Recently, the economic front of US–China major-power rivalry has deepened and expanded beyond the legalistic confines of the World Trade Organization (WTO).
Many in Australia, which has the US as its security ally and main source and destination of investment and China as its main trading partner, are rightly concerned by this evolution.
Within the WTO and outside, Australia’s alignment on the economic dimensions of the US–China contest has been consistent for decades. Here, Australia is less aligned with the US than Japan and less aligned with China than Southeast Asian states despite trading more heavily with China.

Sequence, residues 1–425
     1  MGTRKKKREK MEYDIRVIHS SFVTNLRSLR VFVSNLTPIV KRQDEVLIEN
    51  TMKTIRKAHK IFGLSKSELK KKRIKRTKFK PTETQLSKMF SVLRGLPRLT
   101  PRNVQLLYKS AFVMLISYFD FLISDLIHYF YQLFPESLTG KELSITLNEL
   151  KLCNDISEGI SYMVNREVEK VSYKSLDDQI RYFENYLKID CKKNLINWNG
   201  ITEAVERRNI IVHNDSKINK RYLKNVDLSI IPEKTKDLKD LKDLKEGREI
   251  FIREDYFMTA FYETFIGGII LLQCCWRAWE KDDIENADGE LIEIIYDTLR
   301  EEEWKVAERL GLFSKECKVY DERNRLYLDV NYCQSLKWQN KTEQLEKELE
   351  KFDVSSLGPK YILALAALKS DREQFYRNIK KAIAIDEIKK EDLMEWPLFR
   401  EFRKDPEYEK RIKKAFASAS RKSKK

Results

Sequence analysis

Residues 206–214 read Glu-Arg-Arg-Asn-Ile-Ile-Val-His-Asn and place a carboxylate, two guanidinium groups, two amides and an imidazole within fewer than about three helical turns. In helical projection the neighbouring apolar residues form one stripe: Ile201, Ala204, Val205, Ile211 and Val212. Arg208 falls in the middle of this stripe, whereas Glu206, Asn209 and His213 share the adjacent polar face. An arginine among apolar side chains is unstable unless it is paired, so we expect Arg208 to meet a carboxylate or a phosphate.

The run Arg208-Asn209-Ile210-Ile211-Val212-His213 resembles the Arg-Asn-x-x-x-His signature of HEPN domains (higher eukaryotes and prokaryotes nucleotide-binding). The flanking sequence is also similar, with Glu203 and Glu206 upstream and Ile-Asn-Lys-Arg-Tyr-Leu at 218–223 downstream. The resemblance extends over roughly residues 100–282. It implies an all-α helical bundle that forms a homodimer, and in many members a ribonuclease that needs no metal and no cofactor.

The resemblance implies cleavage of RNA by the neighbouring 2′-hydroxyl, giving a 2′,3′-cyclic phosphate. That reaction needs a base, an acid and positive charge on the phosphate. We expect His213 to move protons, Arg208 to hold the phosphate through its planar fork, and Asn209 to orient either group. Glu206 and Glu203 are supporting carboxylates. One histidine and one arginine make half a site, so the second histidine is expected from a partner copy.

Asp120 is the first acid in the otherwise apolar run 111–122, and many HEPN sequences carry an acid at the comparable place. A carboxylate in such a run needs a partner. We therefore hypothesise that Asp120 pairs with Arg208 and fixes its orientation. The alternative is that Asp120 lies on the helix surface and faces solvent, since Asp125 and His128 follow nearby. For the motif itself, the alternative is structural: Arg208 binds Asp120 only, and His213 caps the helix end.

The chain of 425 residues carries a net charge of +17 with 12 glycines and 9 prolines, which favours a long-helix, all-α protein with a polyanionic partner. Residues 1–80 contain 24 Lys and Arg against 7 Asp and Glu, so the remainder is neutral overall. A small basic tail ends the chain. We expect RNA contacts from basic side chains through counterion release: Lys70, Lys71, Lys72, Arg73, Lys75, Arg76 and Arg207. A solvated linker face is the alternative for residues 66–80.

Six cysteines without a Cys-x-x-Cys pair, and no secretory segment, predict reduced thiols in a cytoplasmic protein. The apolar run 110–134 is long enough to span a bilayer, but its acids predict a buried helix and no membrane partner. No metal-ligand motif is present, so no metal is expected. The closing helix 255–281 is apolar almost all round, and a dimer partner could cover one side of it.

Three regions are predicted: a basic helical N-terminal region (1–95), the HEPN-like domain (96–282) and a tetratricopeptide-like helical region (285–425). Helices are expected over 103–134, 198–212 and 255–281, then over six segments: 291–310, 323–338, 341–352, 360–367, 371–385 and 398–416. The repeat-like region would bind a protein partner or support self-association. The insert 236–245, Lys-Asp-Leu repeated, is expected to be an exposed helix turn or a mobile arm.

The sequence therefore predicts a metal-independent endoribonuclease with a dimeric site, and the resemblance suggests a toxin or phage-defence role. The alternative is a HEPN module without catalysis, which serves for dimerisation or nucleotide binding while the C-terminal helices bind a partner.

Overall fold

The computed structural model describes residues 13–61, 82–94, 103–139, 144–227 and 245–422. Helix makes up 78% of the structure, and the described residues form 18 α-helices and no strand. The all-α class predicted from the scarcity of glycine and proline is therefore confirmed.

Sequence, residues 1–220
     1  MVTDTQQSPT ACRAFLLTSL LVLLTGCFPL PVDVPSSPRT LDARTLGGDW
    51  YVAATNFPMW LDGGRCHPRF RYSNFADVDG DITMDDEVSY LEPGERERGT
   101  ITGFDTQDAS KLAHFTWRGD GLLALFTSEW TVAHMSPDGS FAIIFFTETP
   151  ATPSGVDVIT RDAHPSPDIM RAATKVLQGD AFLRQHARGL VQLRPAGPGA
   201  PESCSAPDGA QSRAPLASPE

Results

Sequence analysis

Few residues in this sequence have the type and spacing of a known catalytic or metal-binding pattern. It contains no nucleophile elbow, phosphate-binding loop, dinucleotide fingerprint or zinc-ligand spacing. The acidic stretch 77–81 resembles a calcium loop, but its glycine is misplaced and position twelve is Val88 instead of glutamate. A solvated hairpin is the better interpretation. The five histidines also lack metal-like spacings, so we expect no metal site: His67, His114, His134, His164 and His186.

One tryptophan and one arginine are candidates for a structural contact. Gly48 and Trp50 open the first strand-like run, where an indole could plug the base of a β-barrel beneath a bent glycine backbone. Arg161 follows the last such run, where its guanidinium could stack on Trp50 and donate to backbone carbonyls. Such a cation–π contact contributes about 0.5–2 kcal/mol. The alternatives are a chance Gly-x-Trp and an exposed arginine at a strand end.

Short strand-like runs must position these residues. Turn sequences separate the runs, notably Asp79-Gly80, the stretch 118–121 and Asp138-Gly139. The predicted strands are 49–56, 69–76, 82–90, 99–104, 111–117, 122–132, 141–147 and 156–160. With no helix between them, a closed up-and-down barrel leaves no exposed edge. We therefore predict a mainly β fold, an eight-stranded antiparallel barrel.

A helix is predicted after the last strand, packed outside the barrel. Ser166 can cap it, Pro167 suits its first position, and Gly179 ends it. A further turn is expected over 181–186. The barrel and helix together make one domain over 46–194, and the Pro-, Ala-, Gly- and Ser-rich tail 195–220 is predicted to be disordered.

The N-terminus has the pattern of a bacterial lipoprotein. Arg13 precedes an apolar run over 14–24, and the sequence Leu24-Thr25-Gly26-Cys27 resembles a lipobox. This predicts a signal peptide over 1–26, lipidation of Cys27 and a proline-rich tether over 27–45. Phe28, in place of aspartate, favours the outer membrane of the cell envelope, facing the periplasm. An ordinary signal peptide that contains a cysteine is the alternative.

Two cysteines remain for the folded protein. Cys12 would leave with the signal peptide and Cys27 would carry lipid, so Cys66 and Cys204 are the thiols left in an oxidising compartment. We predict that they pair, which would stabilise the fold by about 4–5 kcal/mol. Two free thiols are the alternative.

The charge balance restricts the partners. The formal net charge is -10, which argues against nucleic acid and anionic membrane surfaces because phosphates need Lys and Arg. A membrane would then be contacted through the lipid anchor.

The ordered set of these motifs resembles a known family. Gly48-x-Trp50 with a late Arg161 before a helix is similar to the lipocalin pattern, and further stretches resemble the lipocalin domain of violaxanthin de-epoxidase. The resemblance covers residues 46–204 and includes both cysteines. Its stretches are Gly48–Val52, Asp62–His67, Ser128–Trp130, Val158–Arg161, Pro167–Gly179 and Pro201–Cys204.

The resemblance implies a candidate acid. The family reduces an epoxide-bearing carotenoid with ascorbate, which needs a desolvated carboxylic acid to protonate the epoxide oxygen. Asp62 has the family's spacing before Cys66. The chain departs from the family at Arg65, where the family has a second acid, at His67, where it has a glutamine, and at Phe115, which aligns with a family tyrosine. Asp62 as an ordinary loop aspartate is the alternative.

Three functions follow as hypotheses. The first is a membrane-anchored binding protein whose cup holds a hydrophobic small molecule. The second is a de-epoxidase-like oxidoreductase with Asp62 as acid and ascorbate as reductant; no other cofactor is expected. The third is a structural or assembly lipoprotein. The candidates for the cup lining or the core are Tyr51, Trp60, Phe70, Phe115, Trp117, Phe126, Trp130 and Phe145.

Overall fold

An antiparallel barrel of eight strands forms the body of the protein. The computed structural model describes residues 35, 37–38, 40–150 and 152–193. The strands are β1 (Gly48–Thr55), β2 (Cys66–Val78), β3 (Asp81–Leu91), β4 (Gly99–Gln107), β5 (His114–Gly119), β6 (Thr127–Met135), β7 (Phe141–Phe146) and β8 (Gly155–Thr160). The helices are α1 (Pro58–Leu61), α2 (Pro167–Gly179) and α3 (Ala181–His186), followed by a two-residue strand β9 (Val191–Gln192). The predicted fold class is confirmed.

These economic alignments are consistent with these states’ alignments on the defence dimensions of the US–China major-power rivalry. Australia’s economic alignments are not consistent with the conventional wisdoms that trading (not broader economic) relations do or should determine strategic choices and that the alliance with the US undermines Australia’s strategic autonomy.
They are consistent with the overarching ideas of grand strategy and the national interest.